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2 Shillings 1942, Malta

in Krause book Number: 17b
Years of issue: 1942
Edition: --
Signatures: Treasurer: Mr. Edgar Cuschieri
Serie: Emergency Issue of Second World War
Specimen of: 1942
Material: Cotton fiber
Size (mm): 130 х 71
Printer: Bradbury, Wilkinson & Company Limited, New Malden

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2 Shillings 1942

Description

Watermark:

Avers:

2 Shillings 1942

HM The King George VI.

George VI (Albert Frederick Arthur George, 14 December 1895 - 6 February 1952) was King of the United Kingdom and the Dominions of the British Commonwealth from 11 December 1936 until his death. He was the last Emperor of India and the first Head of the Commonwealth.

Photo by Dorothy Wilding, HM The King George VI after the Coronation Day, 1937

This engraving is done from the portrait by photographer Dorothy Wilding, made ​​in 1937, after the Coronation Day of His Majesty. The original portrait is now in the National Portrait Gallery, London.

Denominations in numerals are in all corners. In center in words.

Revers:

2 Shillings 1942

Uniface note. White.

Comments:

Another type of this banknote existed. It was printed on thicker paper and has a watermark - map of Malaya. The signature was the same, as on this type - Treasurer: Mr. Edgar Cuschieri.

World War II Emergency Issues by the Paper Currency Board in 1939.

As early as June 1938 the Secretary of State for the Colonies advised Parliamentthat, should war break out between Great Britain and Germany, difficulties regarding the resupply of currency notes to the various colonies would surely arise. It was suggested that notes in denominations of 2 shillings, 2 shillings 6 pence, 5 shillings, 10 shillings and 1 pound be printed and held in Maltese banks in the event of an emergency. It was further suggested that £750,000 would be adequate to meet demand. Since there were no suitable printing facilities on Malta at that time, the job was given to the lowest bidder, which happened to be Bradbury, Wilkinson and Company.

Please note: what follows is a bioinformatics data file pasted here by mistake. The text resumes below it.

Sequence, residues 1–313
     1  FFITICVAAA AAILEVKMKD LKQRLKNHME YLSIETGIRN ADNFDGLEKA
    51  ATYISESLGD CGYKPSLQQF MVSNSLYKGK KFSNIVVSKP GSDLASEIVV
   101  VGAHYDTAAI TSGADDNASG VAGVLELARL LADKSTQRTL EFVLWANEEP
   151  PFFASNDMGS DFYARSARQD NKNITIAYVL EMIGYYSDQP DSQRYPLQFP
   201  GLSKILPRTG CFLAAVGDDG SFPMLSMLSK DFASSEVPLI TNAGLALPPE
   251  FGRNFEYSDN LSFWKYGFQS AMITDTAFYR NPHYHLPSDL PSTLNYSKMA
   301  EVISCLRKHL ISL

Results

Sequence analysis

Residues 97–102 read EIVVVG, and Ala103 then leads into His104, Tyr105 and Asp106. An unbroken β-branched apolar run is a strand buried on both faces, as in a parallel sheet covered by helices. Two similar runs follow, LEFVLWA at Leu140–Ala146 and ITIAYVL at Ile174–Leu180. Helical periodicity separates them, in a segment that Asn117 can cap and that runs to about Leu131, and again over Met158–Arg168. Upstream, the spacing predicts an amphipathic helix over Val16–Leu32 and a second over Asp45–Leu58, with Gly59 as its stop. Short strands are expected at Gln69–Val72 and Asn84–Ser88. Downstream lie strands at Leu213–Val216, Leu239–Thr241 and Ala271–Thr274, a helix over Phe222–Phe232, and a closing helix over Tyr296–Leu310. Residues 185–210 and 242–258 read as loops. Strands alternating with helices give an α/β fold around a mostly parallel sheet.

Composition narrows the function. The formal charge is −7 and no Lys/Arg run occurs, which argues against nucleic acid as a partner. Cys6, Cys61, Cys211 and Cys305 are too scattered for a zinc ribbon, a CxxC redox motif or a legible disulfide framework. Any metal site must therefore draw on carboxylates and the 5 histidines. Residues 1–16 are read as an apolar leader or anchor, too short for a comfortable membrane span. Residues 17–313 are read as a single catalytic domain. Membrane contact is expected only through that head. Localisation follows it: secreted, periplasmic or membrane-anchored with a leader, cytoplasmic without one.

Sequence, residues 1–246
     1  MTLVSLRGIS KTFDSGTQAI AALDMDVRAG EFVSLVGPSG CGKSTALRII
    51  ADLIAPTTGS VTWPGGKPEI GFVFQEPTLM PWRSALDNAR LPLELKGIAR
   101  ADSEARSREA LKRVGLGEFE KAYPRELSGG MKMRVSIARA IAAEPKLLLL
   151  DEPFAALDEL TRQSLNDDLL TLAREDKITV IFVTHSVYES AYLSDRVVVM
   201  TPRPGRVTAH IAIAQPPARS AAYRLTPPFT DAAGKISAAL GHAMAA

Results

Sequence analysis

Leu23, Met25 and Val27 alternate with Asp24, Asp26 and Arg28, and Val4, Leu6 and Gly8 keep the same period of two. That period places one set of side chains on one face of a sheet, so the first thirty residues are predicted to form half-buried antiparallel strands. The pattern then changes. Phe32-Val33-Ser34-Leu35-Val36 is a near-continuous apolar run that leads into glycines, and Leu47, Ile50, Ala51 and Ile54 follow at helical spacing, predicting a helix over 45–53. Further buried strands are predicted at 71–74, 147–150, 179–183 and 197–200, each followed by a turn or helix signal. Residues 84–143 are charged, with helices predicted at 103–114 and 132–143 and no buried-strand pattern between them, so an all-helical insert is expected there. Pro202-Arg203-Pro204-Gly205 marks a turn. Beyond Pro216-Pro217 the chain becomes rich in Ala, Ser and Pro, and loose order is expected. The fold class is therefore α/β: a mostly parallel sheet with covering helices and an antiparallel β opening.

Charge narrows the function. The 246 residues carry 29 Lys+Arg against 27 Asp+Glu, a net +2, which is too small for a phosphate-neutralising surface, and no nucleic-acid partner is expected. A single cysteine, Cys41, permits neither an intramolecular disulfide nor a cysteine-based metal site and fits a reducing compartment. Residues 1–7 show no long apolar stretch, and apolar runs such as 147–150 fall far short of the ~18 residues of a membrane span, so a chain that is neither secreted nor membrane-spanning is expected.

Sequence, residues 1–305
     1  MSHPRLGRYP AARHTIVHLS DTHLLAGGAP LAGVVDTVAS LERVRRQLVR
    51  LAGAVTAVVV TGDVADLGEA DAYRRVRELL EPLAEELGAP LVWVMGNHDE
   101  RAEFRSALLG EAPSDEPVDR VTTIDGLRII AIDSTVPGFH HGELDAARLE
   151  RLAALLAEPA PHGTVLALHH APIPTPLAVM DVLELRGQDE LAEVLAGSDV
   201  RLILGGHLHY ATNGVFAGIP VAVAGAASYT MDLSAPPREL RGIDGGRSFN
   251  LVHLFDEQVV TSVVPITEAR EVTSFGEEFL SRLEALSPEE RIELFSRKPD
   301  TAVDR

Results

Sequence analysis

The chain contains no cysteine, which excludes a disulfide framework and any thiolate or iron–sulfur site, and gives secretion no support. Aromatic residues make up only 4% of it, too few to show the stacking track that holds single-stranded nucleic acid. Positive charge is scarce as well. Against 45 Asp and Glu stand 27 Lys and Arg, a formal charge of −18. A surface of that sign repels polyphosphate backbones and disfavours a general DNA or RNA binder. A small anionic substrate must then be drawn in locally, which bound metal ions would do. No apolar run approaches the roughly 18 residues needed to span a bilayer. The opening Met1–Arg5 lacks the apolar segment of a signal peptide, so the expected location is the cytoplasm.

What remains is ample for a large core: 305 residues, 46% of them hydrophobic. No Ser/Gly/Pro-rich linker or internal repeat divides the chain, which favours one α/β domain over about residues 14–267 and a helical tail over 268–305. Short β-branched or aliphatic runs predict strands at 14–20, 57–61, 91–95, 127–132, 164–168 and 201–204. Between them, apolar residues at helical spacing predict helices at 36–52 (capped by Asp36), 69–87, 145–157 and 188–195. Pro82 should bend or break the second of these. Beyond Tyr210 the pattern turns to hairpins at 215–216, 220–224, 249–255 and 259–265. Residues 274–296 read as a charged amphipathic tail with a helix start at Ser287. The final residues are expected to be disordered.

When Germany attacked Poland on 1 September, 1939 Great Britain and France declared war. Two days later the use of temporary paper money in the colonies was announced. Issuance of these notes, it was pointed out, was strictly temporary in order to alleviate the shortage of circulating silver coinage and was made in anticipation of difficulties which would certainly arise due to the German U Boat campaign. Since insurance rates were rising rapidly for the shipment of currency, time was also of the essence.

The first of the temporary notes to be released was the 2 shilling 6 pence. Release occurred commensurate with a drop to less than one week's supply of the island's silver half-crowns and florins. Shortage of small change became so dire that, at one point, postage stamps were being accepted for bus fares. The Governor of Malta could no longer delay the release of the balance of notes which had already been printed and delivered. Two days later the £1 note entered circulation. Transport of emergency currency was handed over to the Admiralty and Air Ministries which employed every method available to get them there.

Naval ships, submarines, flying boats, merchant ships and aircraft were all pressed into service. To add to the difficulties, all shipments did not get through. For example, when HMS Beconshire was sunk off Malta, only 12,000 of the 84,000 £1 notes on board were recovered.

Temporary notes were not stamped with the signature of the Treasurer until after arrival in Malta. This was accomplished using hand fed machines at the Government Printing Office. When heavy aerial bombing intensified, the stamping of currency notes was dispersed among several locations throughout the island using available printing shop facilities and even a brewery.

Two types of £1 notes signed by Treasurer Pace exist; one bearing the date "1939" under Pace's signature, whereas later series do not have the date. The reason for this is unknown.